by Bill Carlino and Melissa Klein Aguilar

Scottsdale, Ariz. — In contrast to the emotional gatherings of years past, the Spring meeting of Council of the American Institute of CPAs last month was a relatively calm affair as the institute’s 240-member Council evaluated a series of measures ranging from increased peer review transparency to continuing the “Big GAAP-little GAAP” debate.

With the institute’s role morphing from the project-heavy and sometimes polarizing entity of several years ago, its two-day confab featured its usual roster of professional issues — although they were noticeably lighter in terms of controversy — and also served as a showcase for new public-service partnerships like its women’s financial literacy campaign.

Council members, meanwhile, proffered their opinions on the subdued climate of the two-day confab.

“I think at this point in the evolution of issues post-Enron and Sarbanes-Oxley, Council is far more willing to look ahead rather than backward,” said Bob Israeloff, senior partner at Garden City, N.Y.-based Israeloff, Trattner & Co. “I think it’s time to do the best we can as a profession without recriminations and disputes.”

“The meeting showed that the members are getting the word out. We understand the public’s concerns and we’re doing something,” said Bucky W. Glover, managing partner at Monroe, N.C.-based Potter & Co.

During the confab, Council members approved the institute’s FY 2005 budget of $146.8 million, which will include hikes of between $5 and $40 on membership fees, an increase of $35 on dues for its Tax Section, and a $100 rise for section members. The 2005 budget also included a 7.4 percent rise in salary and benefits for institute employees.

“No profession has gone though as difficult a time as we have in the past two-and-one-half years,” said AICPA president and chief executive Barry Melancon in his semi-annual report to Council members. However, he noted that the profession’s image rebuilding effort has made “significant progress.”


Melancon also touted the membership gains in the AICPA’s trio of specialty credentials, and noted an encouraging member response to its recently launched series of audit quality centers.

Melancon revealed that 350 firms have joined the institute’s new Employee Benefits Audit Quality Center, which was launched during the first quarter of this year, and added that, thus far, 950 firms have become members of the Center for Public Company Audits, a re-tooled version of the AICPA’s SEC Practice Section, after the congressionally mandated Public Company Accounting Oversight Board usurped its standard-setting authority. A third audit quality center focusing on government audits is expected to be launched in the fall.

Meanwhile, the AICPA’s trio of specialty designations have made membership gains since the institute’s ruling Council approved keeping them at the 2003 Fall Council meeting in New Orleans.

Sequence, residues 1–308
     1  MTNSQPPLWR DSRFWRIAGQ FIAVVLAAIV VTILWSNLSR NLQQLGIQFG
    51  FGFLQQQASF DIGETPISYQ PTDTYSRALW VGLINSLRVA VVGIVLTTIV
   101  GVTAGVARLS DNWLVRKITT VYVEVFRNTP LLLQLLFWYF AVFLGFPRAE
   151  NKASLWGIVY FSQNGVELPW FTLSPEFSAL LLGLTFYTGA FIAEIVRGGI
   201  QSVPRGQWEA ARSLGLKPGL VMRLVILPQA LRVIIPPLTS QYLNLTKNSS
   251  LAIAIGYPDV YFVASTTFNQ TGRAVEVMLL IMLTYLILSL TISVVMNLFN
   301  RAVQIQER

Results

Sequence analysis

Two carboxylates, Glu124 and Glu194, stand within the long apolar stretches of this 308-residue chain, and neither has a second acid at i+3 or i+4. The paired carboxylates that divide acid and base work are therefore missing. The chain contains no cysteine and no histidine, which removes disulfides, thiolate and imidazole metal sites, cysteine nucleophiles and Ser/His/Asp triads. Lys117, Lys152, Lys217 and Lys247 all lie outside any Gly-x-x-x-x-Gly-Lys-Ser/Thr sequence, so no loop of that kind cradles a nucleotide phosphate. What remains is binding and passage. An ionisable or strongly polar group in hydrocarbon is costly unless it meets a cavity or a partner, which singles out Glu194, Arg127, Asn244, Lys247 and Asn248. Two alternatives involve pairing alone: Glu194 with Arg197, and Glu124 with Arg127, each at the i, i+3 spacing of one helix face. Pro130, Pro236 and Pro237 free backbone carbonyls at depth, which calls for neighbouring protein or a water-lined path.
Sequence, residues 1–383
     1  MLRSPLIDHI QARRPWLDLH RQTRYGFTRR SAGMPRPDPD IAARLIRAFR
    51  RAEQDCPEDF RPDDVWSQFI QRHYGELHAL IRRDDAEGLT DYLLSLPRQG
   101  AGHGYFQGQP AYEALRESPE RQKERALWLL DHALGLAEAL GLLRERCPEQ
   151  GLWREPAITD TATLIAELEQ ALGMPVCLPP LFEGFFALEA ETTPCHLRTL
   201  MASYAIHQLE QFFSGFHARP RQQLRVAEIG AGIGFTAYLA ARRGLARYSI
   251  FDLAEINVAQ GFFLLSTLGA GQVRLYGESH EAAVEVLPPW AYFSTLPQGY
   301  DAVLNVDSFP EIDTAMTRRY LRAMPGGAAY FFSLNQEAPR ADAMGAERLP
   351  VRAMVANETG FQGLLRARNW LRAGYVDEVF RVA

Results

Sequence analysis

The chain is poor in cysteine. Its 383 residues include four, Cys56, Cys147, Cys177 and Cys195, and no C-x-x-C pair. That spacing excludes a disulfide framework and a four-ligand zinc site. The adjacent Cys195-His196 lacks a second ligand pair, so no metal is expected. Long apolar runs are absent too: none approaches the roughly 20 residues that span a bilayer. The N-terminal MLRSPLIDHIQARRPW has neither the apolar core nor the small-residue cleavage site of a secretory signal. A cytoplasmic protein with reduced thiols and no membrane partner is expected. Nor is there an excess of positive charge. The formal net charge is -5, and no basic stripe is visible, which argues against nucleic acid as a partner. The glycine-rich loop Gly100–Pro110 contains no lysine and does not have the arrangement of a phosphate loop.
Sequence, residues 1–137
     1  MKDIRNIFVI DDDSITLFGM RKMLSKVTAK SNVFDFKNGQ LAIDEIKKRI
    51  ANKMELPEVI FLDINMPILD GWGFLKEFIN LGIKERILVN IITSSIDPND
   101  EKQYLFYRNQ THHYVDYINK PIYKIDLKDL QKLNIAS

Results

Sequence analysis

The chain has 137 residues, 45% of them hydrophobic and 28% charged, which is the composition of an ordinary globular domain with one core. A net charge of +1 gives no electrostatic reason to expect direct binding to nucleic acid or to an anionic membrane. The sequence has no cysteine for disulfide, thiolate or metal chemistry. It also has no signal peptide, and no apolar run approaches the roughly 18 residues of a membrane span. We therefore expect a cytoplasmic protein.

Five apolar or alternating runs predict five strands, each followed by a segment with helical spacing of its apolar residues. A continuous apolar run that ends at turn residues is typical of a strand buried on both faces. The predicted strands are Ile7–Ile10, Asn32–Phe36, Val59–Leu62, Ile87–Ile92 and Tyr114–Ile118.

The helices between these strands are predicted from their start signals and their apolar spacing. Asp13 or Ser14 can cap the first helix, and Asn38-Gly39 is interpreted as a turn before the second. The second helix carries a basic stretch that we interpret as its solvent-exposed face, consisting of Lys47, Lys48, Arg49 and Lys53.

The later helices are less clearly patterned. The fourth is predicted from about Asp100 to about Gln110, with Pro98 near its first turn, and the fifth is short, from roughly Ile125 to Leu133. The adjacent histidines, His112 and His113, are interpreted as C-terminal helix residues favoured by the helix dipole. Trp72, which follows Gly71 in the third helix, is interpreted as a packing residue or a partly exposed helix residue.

As of April, the institute’s Personal Financial Specialist designation had 3,258 credential holders and another 63 applications in process, while the Certified Information Technology Professional designation had 564 credential holders and another 160 applications in process. The Accredited in Business Valuation designation had 1,630 credential holders and another 17 in process. However, the application fees for all three will rise an additional $200 as part of the institute’s approved 2005 budget.

Big GAAP-Little GAAP
Meanwhile, in its previously stated strategy to help determine if current generally accepted accounting principles meet the needs of users of private-company financial statements, the institute is gearing a member-based Web survey and preparing a resource toolkit to help state societies conduct town hall-like presentations on the subject.

“The complexity of this issue is evident,” said Jim Castellano, who is leading a 16-member task force and serves as chairman of St. Louis-based Rubin Brown & Gornstein. He noted that there are more than 22 million private businesses in the U.S., as opposed to 17,000 public companies. “This is actually a 30-year-old issue, but each time it was studied it was done with the idea that there was a problem.”

The private company financial reporting task force is comprised of a diverse group of members, including bankers, investors, educators, preparers and representatives from six firms. Castellano said that reports associated with the Big GAAP-Little GAAP debate had been issued in 1974, 1981, 1983 and, most recently, in 1996.

“[The Financial Accounting Standards Board] is moving to the direction of fair-value accounting, and there is some consternation as to whether this is the right approach,” Castellano said. “You also have the issue of the convergence to international standards and the fact that FASB is funded by public companies.”